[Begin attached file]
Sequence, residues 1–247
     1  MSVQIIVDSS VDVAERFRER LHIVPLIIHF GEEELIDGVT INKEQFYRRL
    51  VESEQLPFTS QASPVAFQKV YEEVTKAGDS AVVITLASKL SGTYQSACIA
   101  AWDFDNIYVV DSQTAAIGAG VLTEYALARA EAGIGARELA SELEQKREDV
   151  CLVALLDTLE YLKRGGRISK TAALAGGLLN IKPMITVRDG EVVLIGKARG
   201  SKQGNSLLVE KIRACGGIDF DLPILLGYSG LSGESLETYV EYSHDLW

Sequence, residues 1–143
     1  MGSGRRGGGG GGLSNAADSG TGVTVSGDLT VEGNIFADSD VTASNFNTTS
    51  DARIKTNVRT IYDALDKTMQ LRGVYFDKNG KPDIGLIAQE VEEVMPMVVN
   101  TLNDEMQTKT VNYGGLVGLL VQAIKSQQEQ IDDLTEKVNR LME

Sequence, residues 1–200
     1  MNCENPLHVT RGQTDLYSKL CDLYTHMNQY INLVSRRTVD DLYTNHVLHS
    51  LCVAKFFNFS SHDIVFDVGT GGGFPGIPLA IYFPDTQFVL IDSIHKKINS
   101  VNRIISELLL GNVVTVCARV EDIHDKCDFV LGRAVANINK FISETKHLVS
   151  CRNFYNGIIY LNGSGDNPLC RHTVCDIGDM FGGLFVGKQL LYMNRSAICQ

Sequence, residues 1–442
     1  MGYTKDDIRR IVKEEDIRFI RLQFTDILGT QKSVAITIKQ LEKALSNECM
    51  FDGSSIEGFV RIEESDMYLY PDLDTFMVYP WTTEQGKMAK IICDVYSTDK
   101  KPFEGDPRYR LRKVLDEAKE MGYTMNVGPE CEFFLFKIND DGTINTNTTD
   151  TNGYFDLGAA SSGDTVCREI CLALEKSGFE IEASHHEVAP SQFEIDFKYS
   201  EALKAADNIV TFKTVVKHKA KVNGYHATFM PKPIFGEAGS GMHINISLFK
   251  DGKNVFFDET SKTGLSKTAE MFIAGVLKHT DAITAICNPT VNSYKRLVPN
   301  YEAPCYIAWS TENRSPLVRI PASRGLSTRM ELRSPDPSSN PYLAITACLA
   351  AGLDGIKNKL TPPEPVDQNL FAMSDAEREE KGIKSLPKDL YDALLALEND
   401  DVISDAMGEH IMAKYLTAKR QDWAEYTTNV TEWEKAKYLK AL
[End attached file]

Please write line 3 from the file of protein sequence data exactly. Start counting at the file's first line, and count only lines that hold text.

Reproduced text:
    51  VESEQLPFTS QASPVAFQKV YEEVTKAGDS AVVITLASKL SGTYQSACIA